Noma, often associated with extreme poverty, is a gangrenous stomatitis that develops in the mouth and destroys the face’s soft and bone tissues. It is mainly caused by hygiene issues, malnutrition and immune deficiency related to infectious diseases. Nearly 100,000 people worldwide are affected by the malady each year, mostly children. Of these, only 20% survive: such deformation means they have trouble eating and breathing.
In 2000, anxious to put a face to these children, Dr Bellity carried out a first operation in Paris on Fati, a little girl from Burkina Faso. It was a success. However, seeing the separation trauma when time came for the girl to return to her home country, he decided that future operations would take place over there. Les Enfants du Noma (The Children of Noma) was born. This association arranges regular missions at the Maison de Fati, a local support facility for children and their carers. There, a total of 21 surgeons, 10 anaesthesiologists, four doctors and 37 nurses repair the disastrous effects of noma, but also address tumours, cleft lips and orthopaedic problems. Since the association was founded, its staff has treated 2,500 children.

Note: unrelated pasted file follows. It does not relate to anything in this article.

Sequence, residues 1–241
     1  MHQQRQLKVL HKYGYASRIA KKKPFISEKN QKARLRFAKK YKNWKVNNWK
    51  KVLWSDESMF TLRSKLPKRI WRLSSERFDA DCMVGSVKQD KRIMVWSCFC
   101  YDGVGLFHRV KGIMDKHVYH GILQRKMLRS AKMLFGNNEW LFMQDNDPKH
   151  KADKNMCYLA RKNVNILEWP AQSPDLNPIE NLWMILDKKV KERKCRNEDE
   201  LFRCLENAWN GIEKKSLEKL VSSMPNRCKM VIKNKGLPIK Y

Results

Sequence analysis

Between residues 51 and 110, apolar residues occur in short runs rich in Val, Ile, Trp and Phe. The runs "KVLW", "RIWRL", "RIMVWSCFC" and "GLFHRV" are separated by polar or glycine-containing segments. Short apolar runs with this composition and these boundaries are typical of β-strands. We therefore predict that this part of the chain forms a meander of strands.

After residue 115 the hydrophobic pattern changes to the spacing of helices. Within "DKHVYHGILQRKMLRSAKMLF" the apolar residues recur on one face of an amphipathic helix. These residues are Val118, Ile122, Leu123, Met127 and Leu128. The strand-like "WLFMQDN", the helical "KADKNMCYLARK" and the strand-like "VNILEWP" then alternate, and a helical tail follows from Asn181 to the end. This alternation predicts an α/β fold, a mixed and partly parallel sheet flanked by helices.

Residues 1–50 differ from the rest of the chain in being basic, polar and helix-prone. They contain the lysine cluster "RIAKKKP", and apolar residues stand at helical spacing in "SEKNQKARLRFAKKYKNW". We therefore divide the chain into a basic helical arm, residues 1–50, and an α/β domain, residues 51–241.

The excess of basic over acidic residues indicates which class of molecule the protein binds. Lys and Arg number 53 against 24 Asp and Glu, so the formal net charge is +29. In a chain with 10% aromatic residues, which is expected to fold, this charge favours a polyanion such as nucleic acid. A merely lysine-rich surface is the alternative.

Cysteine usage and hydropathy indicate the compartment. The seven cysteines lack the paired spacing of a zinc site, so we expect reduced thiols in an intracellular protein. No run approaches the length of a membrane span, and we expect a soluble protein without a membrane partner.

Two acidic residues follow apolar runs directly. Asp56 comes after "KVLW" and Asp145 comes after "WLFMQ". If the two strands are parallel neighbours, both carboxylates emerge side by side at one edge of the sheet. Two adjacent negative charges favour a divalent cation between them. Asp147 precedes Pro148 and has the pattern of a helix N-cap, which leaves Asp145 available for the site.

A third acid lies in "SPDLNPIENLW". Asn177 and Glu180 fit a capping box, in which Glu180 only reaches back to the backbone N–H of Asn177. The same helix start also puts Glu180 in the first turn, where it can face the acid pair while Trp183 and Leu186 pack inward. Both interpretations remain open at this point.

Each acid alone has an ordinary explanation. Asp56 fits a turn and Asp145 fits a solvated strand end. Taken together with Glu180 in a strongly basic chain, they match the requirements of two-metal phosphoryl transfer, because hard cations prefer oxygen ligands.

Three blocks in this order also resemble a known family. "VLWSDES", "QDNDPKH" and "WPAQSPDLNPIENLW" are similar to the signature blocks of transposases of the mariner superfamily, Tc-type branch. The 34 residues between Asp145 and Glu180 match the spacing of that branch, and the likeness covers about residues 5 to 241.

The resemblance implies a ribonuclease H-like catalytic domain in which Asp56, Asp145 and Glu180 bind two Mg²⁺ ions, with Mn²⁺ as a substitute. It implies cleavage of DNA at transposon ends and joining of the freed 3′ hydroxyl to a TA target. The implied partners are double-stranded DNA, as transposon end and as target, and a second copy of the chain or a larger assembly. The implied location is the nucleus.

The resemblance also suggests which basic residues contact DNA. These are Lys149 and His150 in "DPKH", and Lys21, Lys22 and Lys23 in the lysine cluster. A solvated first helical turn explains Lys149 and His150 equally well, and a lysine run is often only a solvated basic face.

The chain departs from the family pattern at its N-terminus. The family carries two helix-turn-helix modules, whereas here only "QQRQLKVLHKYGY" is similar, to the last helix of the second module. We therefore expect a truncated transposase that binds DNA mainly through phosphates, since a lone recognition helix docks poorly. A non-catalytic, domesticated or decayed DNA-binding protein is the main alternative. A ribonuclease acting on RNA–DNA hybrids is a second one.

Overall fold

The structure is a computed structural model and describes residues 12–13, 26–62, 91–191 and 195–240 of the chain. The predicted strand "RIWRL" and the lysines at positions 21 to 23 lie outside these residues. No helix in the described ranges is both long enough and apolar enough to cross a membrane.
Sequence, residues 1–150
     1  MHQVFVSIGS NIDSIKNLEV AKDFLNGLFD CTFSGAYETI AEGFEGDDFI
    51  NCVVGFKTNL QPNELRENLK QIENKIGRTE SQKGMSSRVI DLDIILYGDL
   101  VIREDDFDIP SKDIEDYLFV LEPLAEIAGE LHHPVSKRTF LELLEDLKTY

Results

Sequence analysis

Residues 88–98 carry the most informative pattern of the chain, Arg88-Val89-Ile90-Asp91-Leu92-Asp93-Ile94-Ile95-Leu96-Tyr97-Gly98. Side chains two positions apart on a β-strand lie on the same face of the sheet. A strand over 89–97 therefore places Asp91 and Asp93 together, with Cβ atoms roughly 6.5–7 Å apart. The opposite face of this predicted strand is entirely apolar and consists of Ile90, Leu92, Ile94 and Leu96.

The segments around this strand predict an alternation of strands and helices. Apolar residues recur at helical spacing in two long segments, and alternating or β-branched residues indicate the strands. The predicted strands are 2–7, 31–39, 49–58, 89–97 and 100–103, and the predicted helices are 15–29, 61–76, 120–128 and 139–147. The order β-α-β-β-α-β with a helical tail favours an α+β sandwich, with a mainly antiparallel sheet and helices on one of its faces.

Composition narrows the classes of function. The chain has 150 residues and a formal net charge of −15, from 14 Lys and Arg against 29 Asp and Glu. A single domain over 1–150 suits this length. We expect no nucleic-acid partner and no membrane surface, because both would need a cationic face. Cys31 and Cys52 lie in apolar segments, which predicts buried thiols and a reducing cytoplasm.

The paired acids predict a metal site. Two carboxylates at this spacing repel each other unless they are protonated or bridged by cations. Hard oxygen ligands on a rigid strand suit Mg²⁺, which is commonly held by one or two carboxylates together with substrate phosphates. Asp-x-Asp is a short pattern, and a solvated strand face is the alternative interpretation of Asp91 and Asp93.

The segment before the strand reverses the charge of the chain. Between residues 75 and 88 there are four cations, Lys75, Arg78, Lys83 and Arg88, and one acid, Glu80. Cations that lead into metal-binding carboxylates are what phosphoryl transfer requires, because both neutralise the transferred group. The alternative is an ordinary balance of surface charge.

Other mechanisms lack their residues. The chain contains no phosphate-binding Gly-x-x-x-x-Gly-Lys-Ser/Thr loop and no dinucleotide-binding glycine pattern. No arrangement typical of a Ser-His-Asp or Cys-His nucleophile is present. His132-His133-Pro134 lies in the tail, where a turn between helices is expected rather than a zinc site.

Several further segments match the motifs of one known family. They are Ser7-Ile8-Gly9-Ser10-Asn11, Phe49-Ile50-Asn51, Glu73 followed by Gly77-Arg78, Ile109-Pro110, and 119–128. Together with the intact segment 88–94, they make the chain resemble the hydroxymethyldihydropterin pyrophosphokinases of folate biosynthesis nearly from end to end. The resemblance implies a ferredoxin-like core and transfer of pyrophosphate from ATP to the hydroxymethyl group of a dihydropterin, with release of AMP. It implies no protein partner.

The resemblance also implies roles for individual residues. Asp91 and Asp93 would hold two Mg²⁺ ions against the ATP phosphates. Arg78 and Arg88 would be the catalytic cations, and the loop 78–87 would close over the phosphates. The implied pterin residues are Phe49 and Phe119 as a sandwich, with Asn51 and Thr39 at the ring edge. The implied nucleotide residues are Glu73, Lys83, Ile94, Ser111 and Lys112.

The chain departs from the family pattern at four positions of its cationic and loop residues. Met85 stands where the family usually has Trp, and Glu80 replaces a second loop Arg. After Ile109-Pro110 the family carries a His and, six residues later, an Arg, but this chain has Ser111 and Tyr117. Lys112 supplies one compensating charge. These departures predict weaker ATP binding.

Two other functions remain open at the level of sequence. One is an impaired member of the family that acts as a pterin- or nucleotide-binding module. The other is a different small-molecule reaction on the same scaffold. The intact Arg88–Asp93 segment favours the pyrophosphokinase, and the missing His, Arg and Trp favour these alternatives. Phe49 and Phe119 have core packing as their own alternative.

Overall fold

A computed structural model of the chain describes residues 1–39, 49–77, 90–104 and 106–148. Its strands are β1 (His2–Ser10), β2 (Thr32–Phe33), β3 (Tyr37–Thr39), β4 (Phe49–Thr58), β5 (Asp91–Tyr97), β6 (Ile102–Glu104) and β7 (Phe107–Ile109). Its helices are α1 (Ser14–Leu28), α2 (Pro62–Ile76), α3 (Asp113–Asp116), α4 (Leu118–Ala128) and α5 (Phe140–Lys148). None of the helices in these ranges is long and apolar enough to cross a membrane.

In 2014, Fondation Pierre Fabre, well aware of the issues involved in tropical dermatology, decided to support Les Enfants du Noma. It will fund nine missions in Burkina Faso through 2017. It will also create a scholarship and professional development in maxillofacial surgery for local specialists. The fellows will be received in teaching hospitals in Saint-Etienne, Caen and Marseille, and Marseille’s army hospitals. Lastly, the Foundation will provide advocacy support by carrying out information campaigns on noma.